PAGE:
Now - curiously - the infrastructure still needs to be provided whether you're looking at a route with a smaller rather than a larger number of passengers - and that would suggest to me that if each route were priced on the actual cost of providing it, London to Bristol should have the benefit of bulk and cost less per passenger that Aberdeen to Inverness.
That would also be logical. I guess one is "cost logic" and the other is "demand logic". Like a last-minute flight costing more than one booked months in advance, although the fuel etc is identical. You could sometimes expect a last-minute flight should cost less, because if that seat isn't filled, the plane takes off with insufficient payload. But I was really thinking of the prestige factor. Not suggesting that Bristol is prestigious, but it functions as a de facto regional capital.

And the third logic is that popular routes need to generate the revenue to cover the costs of the less popular ones.
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Noggin
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« Reply #8 on: July 22, 2019, 02:44:11 pm »

Don't know if was true, but I remember a story 10 to 15 years ago that as rail travel started to take off post-privatisation, a shift in mode-share was starting to affect the volume of traffic over the Severn Bridge. The DfT was going to be on the hook for any shortfall in revenue, so cut the number of services stopping in the morning peak at Severn Tunnel Junction to try and stem the tide. Perhaps at that point they also stuck the fares up? IIRC they also did something similar with the 1st class fares from Reading when it got to the point that enough people were paying the 100/month premium to get a seat that 1st ended up overcrowded.

FWIW Cardiff to Bristol (70km) at 19 for an anytime day return is not unreasonable compared with 25 for Reading to London Paddington (65km) and 9 for Bristol to Bath (20km), though if my sums are right, that's more or less the same price per KM as Antwerp to Brussels or Amsterdam to Rotterdam.

However, when you get to season tickets it is a very different story - Antwerp to Brussels (44km) is a very reasonable 1483,00 for 12 months, which goes down to an even more reasonable 445,00 after the employer pays their bit. Roughly the same distance is Chippenham, for which you will pay the princely sum of 2,128.00, which is well over five times at today's exchange rate!   

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Bmblbzzz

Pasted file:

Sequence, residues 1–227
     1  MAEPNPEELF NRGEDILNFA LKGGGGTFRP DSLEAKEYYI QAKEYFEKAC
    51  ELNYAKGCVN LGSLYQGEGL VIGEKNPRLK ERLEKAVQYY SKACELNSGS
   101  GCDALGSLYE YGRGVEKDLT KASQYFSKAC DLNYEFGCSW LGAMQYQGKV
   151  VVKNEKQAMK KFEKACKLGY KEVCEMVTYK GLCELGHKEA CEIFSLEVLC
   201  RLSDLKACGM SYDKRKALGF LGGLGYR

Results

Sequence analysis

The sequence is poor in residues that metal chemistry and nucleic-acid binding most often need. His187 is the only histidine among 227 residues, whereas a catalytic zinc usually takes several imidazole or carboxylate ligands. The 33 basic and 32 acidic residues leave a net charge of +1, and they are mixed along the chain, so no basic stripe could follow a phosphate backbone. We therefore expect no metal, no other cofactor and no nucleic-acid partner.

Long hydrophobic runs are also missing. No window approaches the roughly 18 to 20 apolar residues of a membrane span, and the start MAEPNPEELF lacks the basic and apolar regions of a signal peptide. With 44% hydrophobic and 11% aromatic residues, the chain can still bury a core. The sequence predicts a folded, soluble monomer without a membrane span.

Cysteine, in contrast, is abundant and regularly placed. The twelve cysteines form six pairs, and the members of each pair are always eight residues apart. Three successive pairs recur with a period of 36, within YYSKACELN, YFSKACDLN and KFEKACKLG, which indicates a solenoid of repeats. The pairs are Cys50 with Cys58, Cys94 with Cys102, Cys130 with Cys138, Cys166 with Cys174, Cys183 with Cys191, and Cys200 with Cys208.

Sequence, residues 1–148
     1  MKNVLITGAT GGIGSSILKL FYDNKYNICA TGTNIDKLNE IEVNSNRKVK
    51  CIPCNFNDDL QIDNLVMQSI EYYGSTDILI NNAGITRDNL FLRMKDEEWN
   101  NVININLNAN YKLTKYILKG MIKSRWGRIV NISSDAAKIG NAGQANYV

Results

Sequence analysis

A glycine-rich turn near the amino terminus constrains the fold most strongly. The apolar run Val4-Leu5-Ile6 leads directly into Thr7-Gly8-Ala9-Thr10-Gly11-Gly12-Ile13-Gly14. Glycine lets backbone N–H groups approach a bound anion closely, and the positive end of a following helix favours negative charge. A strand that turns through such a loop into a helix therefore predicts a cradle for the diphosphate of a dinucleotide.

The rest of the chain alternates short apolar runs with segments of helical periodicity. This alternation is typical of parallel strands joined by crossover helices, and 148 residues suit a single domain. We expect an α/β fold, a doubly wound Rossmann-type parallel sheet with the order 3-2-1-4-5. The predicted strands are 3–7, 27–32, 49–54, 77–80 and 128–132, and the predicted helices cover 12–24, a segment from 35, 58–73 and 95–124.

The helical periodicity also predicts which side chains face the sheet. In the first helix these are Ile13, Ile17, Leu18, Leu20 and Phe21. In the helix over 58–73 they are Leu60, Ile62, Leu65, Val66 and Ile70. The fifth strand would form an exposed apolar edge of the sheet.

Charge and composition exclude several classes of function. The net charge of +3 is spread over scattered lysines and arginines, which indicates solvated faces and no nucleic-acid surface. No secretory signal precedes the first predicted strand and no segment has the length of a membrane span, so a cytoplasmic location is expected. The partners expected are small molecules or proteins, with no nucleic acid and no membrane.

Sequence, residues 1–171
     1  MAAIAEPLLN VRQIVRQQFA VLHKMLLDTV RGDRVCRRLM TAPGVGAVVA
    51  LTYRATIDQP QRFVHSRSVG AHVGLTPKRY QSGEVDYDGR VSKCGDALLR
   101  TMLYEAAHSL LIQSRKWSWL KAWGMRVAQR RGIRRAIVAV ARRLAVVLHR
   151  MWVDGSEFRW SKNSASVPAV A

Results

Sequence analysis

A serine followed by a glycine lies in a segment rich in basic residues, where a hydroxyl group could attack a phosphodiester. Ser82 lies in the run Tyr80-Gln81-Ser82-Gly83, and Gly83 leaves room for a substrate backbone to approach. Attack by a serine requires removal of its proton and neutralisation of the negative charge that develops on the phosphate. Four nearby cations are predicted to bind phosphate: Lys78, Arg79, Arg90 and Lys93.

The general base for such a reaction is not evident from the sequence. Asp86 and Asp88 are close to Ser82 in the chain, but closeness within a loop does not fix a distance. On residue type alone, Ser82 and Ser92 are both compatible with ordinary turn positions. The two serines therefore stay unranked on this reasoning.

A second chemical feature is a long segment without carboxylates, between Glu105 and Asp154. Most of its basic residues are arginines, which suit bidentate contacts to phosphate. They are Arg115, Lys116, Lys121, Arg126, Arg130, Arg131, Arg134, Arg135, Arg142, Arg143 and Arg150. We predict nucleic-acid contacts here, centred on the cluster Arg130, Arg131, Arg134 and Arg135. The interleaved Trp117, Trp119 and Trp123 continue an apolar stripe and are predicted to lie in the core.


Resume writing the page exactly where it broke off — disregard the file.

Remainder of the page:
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« Reply #9 on: July 22, 2019, 02:59:17 pm »

However, when you get to season tickets it is a very different story - Antwerp to Brussels (44km) is a very reasonable 1483,00 for 12 months, which goes down to an even more reasonable 445,00 after the employer pays their bit.
Please explain. Not familiar with this.
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Noggin
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« Reply #10 on: July 23, 2019, 09:54:44 pm »

However, when you get to season tickets it is a very different story - Antwerp to Brussels (44km) is a very reasonable 1483,00 for 12 months, which goes down to an even more reasonable 445,00 after the employer pays their bit.
Please explain. Not familiar with this.

i.e. Your employer is obliged to pay the greater part of your season ticket. Neat huh?
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Bmblbzzz
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« Reply #11 on: July 24, 2019, 09:52:16 am »

Neat for the employee, I don't want to start thinking through the ramifications in terms of hiring, impact on small employers, commuting habits, impact on non-employee commuters, etc. Some positive, some negative, could all quickly get very complicated!
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Oxonhutch
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« Reply #12 on: July 24, 2019, 12:18:39 pm »

i.e. Your employer is obliged to pay the greater part of your season ticket. Neat huh?

In a way, the same happens here but with money on which you have just paid marginal rate tax!
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WelshBluebird
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« Reply #13 on: July 24, 2019, 12:30:34 pm »

Its worth noting that whilst probably not timed well enough for commuting, Megabus provide a pretty decent and usually well priced (often cheaper or around the same price as the train) service between Cardiff and Bristol that has a much better arrival / departure location for Cardiff City centre than National Express do, and arguably a better arrival / departure location in Bristol than Temple Meads is. Certainly since I have started spending more time in Bristol (thanks to my other half living there) rather than where I live in Bath, I have started using the Megabus to travel to Cardiff for football games instead of using the train, partly because of how more convenient the location is in Bristol!
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Adrian
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« Reply #14 on: July 24, 2019, 07:09:51 pm »

Abergavenny to Bristol TM at 16.90 anytime day return is fairly reasonable.  The same fare also applies to Cwmbran to Patchway, which is much poorer value for money.  And 9.00 retuen Severn Tunnel Junction to Patchway is daylight robbery now that the Severn Bridge is free.
But since these are so-called regulated fares, I don't suppose GWR is going to look too hard at the merits of adjusting any of them downwards.